Protesters block setting-up of Christmas fair on Bucharest square

Demonstrators against controversial judicial reform in Romania use site of fair for rallies

People hold a large EU  flag during a protest joined by hundreds in Bucharest on Sunday night.  Photograph: Vadim Ghirda/AP

People hold a large EU flag during a protest joined by hundreds in Bucharest on Sunday night. Photograph: Vadim Ghirda/AP

 

Romanians have vowed to continue protesting against government plans for judicial reform, after scuffling with police to block the construction of a Christmas fair on a Bucharest square where demonstrators now regularly rally.

Hundreds of people marched again in Romania’s capital and several other cities on Sunday night to denounce proposed changes that critics say would weaken anti-corruption legislation and boost political control over the courts.

On Saturday, about 100 people tussled with police and stopped workers erecting a Christmas market outside government headquarters on Victory Square, where Bucharest’s council had banned demonstrations for most of December.

“Our victory came through effort, self-control and especially the belief that we are fighting together for a good cause,” protest group Corruption Kills said after Bucharest mayor Gabriela Firea agreed to relocate the market.

“There is more to do before we can say we have won the battle against corruption, abuse, illegality and injustice. But today’s victory was important.”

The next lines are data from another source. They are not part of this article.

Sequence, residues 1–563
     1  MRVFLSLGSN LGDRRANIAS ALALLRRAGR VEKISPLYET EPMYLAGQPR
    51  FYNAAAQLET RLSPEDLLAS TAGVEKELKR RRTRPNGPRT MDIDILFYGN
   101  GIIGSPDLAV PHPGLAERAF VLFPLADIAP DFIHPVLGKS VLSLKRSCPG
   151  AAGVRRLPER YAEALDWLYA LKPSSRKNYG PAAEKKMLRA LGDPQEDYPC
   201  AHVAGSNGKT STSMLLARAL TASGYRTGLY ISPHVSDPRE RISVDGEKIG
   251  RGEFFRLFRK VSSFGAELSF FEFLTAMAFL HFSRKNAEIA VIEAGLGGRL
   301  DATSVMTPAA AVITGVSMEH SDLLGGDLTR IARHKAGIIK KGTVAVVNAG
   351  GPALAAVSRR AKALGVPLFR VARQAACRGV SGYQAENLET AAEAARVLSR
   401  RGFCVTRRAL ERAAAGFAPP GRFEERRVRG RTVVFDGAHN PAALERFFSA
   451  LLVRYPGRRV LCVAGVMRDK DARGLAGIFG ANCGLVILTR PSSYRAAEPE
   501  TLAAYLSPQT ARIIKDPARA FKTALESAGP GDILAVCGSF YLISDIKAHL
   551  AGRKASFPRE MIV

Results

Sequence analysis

Ms Firea, a member of the ruling Social Democrats (PSD), complained that “it is impossible to hold an event approved by city hall because of the verbal and physical aggression of some protesters . . . This is the beginning of anarchy.”

Anti-corruption law

Tens of thousands of people rallied on Victory Square last Sunday, and earlier this year it witnessed Romania’s biggest protests since the 1989 anti-communist revolution, as huge crowds marched against a government bid to change anti-corruption law.

The government scrapped that plan, but now it wants to give the justice minister more power to appoint and sack prosecutors and to oversee the work of magistrates; to shrink the remit of Romania’s anti-corruption prosecutor; and to allow a person with a criminal conviction to become president.

Critics call the proposals a blatant bid to ease pressure on corrupt figures in politics and business, and potentially to allow PSD leader Liviu Dragnea to become president despite a 2012 conviction for vote rigging.

Last month, Mr Dragnea’s assets were frozen after he was accused of embezzling EU and other funds from state projects. He denies the charges.

The EU and United States have criticised Romania’s reform plans and urged it to intensify the fight with corruption.

The PSD is also riven by divisions: prime minister Mihai Tudose has admitted to having a difficult relationship with Mr Dragnea and he called Ms Firea’s plan for a Christmas market on Victoria Square “not the most inspired decision”.